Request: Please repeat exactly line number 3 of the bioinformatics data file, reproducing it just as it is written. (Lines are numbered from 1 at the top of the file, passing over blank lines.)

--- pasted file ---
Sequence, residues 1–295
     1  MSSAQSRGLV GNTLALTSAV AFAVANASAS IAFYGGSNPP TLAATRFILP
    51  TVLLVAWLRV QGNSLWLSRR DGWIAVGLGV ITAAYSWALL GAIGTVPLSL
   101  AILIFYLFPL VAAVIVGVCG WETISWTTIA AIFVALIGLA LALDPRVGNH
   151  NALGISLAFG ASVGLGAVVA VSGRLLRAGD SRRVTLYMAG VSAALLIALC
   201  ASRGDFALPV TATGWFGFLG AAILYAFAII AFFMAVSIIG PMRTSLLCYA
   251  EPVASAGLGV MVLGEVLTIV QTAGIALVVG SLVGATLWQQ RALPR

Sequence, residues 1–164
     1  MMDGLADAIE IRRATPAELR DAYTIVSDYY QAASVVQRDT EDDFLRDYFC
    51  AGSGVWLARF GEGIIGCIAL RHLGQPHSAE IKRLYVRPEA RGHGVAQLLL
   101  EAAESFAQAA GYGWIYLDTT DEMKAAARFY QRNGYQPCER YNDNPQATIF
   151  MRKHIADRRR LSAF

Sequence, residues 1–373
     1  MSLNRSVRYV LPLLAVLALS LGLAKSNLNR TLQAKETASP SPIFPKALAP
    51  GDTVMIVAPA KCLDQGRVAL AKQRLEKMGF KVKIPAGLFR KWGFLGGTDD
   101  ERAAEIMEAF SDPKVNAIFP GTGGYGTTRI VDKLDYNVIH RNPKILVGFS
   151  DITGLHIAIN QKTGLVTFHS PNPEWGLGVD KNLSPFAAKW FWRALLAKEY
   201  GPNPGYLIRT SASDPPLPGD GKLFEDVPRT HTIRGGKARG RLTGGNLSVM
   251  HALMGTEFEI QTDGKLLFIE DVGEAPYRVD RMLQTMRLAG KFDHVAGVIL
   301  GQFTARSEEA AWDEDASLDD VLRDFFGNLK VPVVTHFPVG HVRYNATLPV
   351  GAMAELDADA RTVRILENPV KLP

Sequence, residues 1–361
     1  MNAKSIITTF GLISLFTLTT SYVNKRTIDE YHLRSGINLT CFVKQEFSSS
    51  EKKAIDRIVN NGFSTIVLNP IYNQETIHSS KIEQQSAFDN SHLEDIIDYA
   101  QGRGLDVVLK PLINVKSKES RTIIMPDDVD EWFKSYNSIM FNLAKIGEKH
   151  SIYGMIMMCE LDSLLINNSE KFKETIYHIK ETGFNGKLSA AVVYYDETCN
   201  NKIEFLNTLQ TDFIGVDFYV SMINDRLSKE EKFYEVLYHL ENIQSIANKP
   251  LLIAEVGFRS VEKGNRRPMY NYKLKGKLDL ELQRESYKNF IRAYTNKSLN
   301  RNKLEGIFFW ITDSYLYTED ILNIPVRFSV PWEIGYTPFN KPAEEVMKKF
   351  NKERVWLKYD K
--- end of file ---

    51  TVLLVAWLRV QGNSLWLSRR DGWIAVGLGV ITAAYSWALL GAIGTVPLSL